The conventional wisdom among the political pundits is that the Democrats have a strong advantage in next year's presidential election because of the Iraq war and President Bush's unpopularity.
But there are reasons why the conventional wisdom may be wrong, or least very premature. Not only are the Democratic front-runners burdened by some heavy disadvantages, the Republican presidential race is taking a number of surprising twists and turns that may trump the Democrats' bid at several strategic levels in this accelerated 2008 campaign cycle. Let's take these one at a time.
The Democrats' top-tier contenders:
It doesn't get much attention in the news, which is all polls, pretension and self-promotion at this point, but the Democrats' front-runners come with a lot of troubling baggage of their own making.
Let's start with Sen. Hillary Clinton's surprisingly early decline in the polls among Democratic voters. A Fox News survey of registered voters showed her support falling to 34 percent, down from 43, at the hands of a rookie candidate, freshman Sen. Barack Obama. A Wall Street Journal-NBC News polls shows Obama nearly within single digits of the former first lady.
She is still the front-runner, but she has the highest unfavorables of any major candidate in her party. Nearly half of all voters would not consider voting for her under any circumstances. Negatives this high underscore why her support has been eroding as Democrats question her electability. Key Democrats say privately that she may not be the nominee of her party.
But if Hillary has a severe likeability deficit, young Barack Obama has an even larger problem. Will voters put someone in charge of the country with little or no executive or legislative experience, with only two years on the job? Former North Carolina senator John Edwards, also just a freshman, suffers from the same weakness.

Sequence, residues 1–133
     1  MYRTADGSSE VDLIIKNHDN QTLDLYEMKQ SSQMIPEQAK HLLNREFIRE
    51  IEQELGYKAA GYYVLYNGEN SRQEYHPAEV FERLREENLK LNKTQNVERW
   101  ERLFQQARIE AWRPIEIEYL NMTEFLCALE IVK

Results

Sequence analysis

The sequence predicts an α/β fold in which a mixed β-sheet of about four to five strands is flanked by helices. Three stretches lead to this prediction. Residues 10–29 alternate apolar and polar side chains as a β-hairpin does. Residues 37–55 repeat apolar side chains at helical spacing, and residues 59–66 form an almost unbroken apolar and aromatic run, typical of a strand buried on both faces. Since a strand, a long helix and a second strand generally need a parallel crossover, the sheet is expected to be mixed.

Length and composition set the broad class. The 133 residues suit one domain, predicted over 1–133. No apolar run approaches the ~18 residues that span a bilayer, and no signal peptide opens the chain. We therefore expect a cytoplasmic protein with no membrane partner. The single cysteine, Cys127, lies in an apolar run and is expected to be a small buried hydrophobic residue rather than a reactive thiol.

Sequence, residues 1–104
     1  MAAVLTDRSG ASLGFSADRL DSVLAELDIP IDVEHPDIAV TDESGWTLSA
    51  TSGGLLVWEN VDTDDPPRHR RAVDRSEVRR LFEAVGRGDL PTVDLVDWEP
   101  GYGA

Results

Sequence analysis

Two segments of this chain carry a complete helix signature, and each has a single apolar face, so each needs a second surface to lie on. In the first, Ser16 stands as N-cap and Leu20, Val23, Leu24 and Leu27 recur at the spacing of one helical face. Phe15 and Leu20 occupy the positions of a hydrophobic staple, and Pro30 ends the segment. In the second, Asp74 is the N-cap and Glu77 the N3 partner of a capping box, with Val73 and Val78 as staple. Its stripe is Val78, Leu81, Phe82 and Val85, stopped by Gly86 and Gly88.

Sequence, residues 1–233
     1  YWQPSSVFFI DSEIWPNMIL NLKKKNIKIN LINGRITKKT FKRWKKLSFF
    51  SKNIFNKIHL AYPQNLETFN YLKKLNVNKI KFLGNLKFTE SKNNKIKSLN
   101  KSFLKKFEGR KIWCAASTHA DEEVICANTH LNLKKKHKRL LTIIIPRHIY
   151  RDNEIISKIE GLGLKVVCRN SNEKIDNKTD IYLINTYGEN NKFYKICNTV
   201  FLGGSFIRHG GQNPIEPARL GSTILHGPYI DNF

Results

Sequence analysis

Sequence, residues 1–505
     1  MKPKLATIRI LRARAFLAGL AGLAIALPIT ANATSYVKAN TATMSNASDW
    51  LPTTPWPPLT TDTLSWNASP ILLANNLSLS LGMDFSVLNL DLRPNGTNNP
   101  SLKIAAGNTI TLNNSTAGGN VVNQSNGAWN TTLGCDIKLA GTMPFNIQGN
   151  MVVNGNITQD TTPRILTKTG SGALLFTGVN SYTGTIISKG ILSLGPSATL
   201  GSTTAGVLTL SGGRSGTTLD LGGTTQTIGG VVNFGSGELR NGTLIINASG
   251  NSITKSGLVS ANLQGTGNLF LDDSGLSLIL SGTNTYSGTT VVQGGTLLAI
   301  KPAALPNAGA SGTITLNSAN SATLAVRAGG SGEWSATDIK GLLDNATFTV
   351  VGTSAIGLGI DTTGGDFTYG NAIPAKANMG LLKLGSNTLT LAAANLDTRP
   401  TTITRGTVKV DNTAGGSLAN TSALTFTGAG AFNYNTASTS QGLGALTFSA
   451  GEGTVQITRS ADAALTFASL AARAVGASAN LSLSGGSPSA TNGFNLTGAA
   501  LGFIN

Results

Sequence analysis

The surprising new direction in the Republican presidential race:After two decades of conservative dominance, Republicans could well choose former New York City mayor Rudolph Giuliani as their nominee. He poses huge problems for the party's social-conservative wing, but his meteoric rise in the GOP's presidential-preference polls has made him the clear front-runner.The GOP race is still open, but with Sen. John McCain going down the tubes faster than you can say Howard Dean, and Mitt Romney still having to show he can break out of single digits, Republicans seem to be on the brink of breaking with their past -- choosing a candidate who is a rock-rib conservative on defense and economic issues, but moderate to liberal on social issues.
If that happens, the electoral map could be dramatically redrawn. Many of the Democrats' bluest states in the Northeast will suddenly be up for grabs, like New Jersey, Pennsylvania, Connecticut and, maybe, New York. This is not a scenario the Democrats ever envisioned happening.
Will the Iraq war be the dominant issue in 2008 that it was in 2006?
The next two years could result in some changes that would defuse the Democrats' most lethal political weapon. Bush's reinforcements may well reduce the violence in the Iraqi capital, while the Iraqi military grows more forceful -- allowing some U.S. troop reduction by then.
Setting aside the war for the moment, will the terrorist threat become a bigger issue in next year's elections?
If another plot against the United States is foiled, it will remind voters the extremist Islamic threat remains as deadly as ever and that plays to the Republicans' strength and the Democrats' weakness on national-security issues.Will Democrats fail to get anything done in Congress over the next two years? And who gets the blame for that?
Thus far, their legislative scorecard is getting a failing grade. They have not been able to craft a consensus on the Iraq war that satisfies their antiwar, pacifist base. The possibility of a compromise budget appears dim. And their first major bill out of the box was a minimum-wage hike that will reduce entry-level jobs and raise taxes on middle-class entrepreneurs who are starting their own businesses.
Finally, there's the unexpected blunder. Call this the McGovern-Mondale-Dukakis-Kerry Syndrome. Let's face it: There is a reason why the Democrats have lost seven out of the last 10 presidential elections.
Voters have long distrusted the Democrats on national-security issues, and their opposition to combating terrorism at its breeding grounds and calls to cut funding for the troops further feeds that mistrust. Democrats tend to propose raising taxes as the solution to almost everything, and Clinton, Obama and Edwards are doing that again. Most voters think they already pay enough taxes.
So there are plenty of reasons to question the conventional wisdom in this election period. The Democrats have a lot of obstacles ahead of them.